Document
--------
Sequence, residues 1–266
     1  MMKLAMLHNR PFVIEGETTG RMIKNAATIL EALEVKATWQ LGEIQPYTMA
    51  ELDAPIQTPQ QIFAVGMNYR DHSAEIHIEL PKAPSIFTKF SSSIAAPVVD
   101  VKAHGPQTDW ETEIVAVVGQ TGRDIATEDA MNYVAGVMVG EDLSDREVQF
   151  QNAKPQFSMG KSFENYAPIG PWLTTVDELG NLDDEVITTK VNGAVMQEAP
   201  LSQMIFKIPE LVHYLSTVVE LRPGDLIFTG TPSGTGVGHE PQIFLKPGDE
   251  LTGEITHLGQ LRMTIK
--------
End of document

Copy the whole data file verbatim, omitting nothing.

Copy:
Sequence, residues 1–266
     1  MMKLAMLHNR PFVIEGETTG RMIKNAATIL EALEVKATWQ LGEIQPYTMA
    51  ELDAPIQTPQ QIFAVGMNYR DHSAEIHIEL PKAPSIFTKF SSSIAAPVVD
   101  VKAHGPQTDW ETEIVAVVGQ TGRDIATEDA MNYVAGVMVG EDLSDREVQF
   151  QNAKPQFSMG KSFENYAPIG PWLTTVDELG NLDDEVITTK VNGAVMQEAP
   201  LSQMIFKIPE LVHYLSTVVE LRPGDLIFTG TPSGTGVGHE PQIFLKPGDE
   251  LTGEITHLGQ LRMTIK